Marthese reviews Scale-Bright by Benjanun Sriduangkaew

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Scale-Bright by Benjanun Sriduangkaew is a novella based on Chinese mythology that takes place in modern Hong Kong. This was an interesting premise and although I found it somewhat different from the fantasy that I usually real, it came recommended by a friend, so I gave it a go.

The story follows Julianne Lau, a 24 year old Hong Kong native. She lives with her two aunts, Houyi and Chang’e who to be clear are married to each other not related! This story starts with Julianne meeting a viper, a creature that looks like a human but isn’t. The viper is draw by the divine aura around Julianne which was acquired with her living with goddesses. The viper, called Olivia or Xiaoqing tells Julianne who she meets a couple of times that she wants a meeting with Chang’e, her aunt. Grudges among divine creatures last very long and there are a lot of enemies or past enemies for such a short book.

Julianne has body image issues, self-esteem issues and had encounters with depression. However, she is trying to be better. Like her aunt Chang’e, she is kind and she tries to control her sense of wanting attention sometimes with consequences.

There are some interesting relationships in the story. First off, I want to mention that we see some of Julianne’s past and about to be past relationships with women. For being such a short recount, it’s very queer.

Chang’e and Houyi have a good relationship based on affection and trust and so Julianne takes them as role models for her love life. Houyi buys Chang’e candies dates even when Chang’e is abroad and she picked her up from the airport in a tuxedo. That’s the level of sweetness that their relationship has. Despite this, they do not spend that much time together as their divine jobs take over a lot of time. Their past as well is tangibly full of sorrow apart from love.

Interesting was to see Houyi’s relationship with Julianne. Although she is technically only an in-law, she seems to be the main ‘caretaker’ while Chang’e, with her kindness takes over soothing roles when needed.

The relationship, as abrupt and like staccato as it was, between Xiaoqing and Julianne was also interesting. Xiaoqing shows Julianne that demons are complex and tells Julianne her story, after which she says she wants Julianne for who she is. Julianne for her part doesn’t care for what her partner looks like and learns to not judge people by the myths that are on them.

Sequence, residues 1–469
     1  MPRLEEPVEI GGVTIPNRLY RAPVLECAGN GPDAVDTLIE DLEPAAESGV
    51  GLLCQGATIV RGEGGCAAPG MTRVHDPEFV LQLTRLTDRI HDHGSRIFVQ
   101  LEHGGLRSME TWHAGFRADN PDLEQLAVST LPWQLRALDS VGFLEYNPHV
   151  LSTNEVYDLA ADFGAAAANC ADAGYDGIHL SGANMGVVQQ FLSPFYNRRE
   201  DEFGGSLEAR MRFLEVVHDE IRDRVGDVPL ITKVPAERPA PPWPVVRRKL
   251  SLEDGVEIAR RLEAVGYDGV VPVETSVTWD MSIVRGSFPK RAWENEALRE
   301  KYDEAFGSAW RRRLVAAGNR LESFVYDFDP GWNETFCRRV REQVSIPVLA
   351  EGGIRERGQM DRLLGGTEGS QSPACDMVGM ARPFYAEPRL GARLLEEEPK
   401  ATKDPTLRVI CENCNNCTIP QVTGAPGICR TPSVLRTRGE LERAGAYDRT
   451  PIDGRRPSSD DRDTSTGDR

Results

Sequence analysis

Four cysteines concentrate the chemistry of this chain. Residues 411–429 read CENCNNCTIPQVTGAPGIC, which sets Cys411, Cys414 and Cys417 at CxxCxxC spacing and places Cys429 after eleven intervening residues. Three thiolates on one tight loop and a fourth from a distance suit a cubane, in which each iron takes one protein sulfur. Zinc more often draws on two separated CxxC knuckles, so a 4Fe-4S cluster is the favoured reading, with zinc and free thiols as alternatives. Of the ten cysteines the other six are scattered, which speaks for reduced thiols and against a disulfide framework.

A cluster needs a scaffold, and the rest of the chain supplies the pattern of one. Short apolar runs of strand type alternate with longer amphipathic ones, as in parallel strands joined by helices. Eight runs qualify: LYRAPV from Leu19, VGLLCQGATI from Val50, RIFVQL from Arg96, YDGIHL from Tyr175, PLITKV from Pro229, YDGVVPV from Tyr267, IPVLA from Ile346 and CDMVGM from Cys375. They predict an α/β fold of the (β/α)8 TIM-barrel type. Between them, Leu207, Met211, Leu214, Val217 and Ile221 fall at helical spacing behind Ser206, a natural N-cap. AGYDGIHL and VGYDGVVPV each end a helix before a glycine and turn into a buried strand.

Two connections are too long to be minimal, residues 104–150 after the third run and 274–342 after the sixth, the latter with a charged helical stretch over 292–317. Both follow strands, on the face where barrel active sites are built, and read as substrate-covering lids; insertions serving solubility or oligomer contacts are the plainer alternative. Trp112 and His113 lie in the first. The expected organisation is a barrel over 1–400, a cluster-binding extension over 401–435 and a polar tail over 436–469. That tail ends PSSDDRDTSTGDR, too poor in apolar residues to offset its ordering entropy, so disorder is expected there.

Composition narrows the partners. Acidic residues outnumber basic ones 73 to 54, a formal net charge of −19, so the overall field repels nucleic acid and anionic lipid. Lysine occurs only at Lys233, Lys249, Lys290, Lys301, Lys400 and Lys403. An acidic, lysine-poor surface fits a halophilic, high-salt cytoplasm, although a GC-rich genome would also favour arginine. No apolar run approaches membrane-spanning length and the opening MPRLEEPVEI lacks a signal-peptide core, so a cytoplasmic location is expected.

‘Demons’ , in this novella, are not villanized instead they are shown to be flawed and wanting to survive but also very diverse and complex with a system of their own

The writing is very descriptive, sometimes like poetry but I felt that at times it was just stretching too much. There are some styles that I liked such as sentences with only one word to describe routines. At times, as there were two sets of names being used, it is very easy to get confused especially if you are not familiar with the myths involved. It also takes a while to make sense after the beginning of a new segment as there are time and special hops, without much explanation.

We see the briskness of Hong Kong. I think this novella captures the metropolitan feel with its description of people and business and billboards.

This story takes on elements from myths such as the gods of sun and moon and the white snake and queers them up. Apart from the queer spins and retellings, it is heavy laden with gender issues and thought. Needless to say, but I will just in case, that this story being based on myth inherits all the strange gore that myths tend to have, so beware!

To end, I thought it was interesting reading a queer retelling of Chinese mythology by a Thai author no less,  instead of British, Canadian or American. I think the style would need some time to get used to, but it’s worth to read it. It lulls between complexities of plot and gender and the easiness of long descriptions that relax you (like one of those relaxation classes).

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